Page last updated at 11:54 GMT, Thursday, 12 June 2008 12:54 UK

Physio training applications down

Physiotherapist
Some physiotherapy graduates have struggled to find a job

There has been a dramatic fall in the number of people applying for university physiotherapist courses, figures show.

It follows previous reports that physiotherapy graduates are struggling to find jobs due to NHS cuts.

Charities such as the MS Society have now started to co-fund physiotherapist posts with the NHS to meet demand.

The Chartered Society of Physiotherapy said a fifth of graduates were still looking for a job.

But this had fallen from 49% in November 2007.

I blame it on the fact that there has been a lot of press coverage of the problems physiotherapy graduates were having getting jobs and this is deterring people from applying for training places
Vanda Fee, University of West England

The University of the West of England said applications for physiotherapist courses due to start in September had fallen by 43% with six position still not filled.

Other universities they had contacted had also suffered similar problems with applicants estimated to be down by around 30-40%.

UCAS, the UK's university admissions service, said 19 of 33 physiotherapist training universities still have vacancies.

Vanda Fenn, admissions co-ordinator for the University of the West of England said physiotherapy had traditionally been a very competitive course.

She the BBC's You and Yours programme that some reduction had been expected due to health authorities reductions in the number of places they commission and a change in the UCAS application system.

"Even taking all of that into account there is a shortfall.

"I blame it on the fact that there has been a lot of press coverage of the problems physiotherapy graduates were having getting jobs and this is deterring people from applying for training places."

She added the shortage of jobs was likely to be temporary.

Job security

Samantha Haw who finished her training last July had to wait for almost a year for her first job as a locum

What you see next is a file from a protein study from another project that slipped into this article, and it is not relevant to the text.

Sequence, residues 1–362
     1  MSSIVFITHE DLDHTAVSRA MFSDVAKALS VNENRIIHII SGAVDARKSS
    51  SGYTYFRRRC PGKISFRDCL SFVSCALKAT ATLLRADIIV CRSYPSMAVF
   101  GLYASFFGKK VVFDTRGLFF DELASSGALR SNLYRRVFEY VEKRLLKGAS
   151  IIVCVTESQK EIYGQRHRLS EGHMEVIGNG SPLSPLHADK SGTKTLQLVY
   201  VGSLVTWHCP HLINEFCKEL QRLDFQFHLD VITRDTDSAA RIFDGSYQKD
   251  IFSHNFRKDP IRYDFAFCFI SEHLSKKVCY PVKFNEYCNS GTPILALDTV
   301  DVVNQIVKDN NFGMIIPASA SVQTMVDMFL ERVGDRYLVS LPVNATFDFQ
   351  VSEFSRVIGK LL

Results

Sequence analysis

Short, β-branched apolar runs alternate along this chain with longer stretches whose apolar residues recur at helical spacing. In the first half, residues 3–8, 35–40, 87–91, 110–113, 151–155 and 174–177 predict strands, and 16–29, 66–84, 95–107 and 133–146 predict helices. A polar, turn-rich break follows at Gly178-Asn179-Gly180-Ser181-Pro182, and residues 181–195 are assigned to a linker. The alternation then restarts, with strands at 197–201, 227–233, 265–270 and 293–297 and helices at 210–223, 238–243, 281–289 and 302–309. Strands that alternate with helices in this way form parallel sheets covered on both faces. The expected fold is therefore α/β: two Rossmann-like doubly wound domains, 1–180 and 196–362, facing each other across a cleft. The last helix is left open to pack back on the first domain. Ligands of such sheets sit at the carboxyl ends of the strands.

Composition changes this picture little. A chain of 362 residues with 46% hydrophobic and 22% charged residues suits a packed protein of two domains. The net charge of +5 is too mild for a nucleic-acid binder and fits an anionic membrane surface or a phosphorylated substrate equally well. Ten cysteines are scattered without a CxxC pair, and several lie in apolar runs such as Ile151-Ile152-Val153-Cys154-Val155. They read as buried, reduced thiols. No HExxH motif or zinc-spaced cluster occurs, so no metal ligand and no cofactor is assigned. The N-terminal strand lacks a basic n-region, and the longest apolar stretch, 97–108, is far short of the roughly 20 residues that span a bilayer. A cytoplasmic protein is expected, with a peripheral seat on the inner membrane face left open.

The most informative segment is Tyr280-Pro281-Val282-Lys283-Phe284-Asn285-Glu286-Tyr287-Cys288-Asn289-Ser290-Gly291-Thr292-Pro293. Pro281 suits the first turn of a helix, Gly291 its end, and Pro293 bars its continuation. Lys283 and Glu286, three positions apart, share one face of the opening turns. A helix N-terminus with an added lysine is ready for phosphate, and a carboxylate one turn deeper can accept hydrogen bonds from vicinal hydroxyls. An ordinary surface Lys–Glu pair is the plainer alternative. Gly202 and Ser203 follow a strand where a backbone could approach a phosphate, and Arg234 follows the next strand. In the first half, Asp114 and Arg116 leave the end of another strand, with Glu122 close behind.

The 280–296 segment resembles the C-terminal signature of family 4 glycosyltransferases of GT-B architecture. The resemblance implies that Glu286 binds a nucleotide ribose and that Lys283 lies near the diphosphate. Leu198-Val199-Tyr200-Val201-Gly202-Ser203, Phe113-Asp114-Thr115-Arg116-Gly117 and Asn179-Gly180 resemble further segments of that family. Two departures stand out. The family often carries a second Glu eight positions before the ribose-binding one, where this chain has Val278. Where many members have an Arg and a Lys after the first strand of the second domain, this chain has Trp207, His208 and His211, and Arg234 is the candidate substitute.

"It's frightening. I work full time but I have no job security.

"I don't think it's getting much easier to find work."

Phil Gray, chief executive of the Chartered Society of Physiotherapy, said patient demand for physiotherapy is growing, with one in ten people admitted to hospital needing physiotherapy treatment.

"Historically, physiotherapy places have been hugely oversubscribed, but we are beginning to see a reduction in applications this year.

"We believe this reduction is a temporary one.

"Our latest survey suggests an improvement in graduate employment, but we will have to see if this trend continues for the rest of this year."

Simon Gillespie, chief executive of the Multiple Sclerosis Society, said they had decided to find physiotherapy posts at a cost of 40,000 each due to the shortage.

"We are aiming to fund 100 in the coming years.

"We are working with other charities who are part of the Neurological Alliance of charities for example the Parkinson's Society, over this issue.

A spokesperson for the Department of Health said the NHS employs 20,146 physiotherapists.

"The NHS in England has seen record levels of investment. The number of physiotherapists has increased by 41% since September 1997.

"It is for Primary Care Trusts to determine how best to use their funds to meet national and local priorities."




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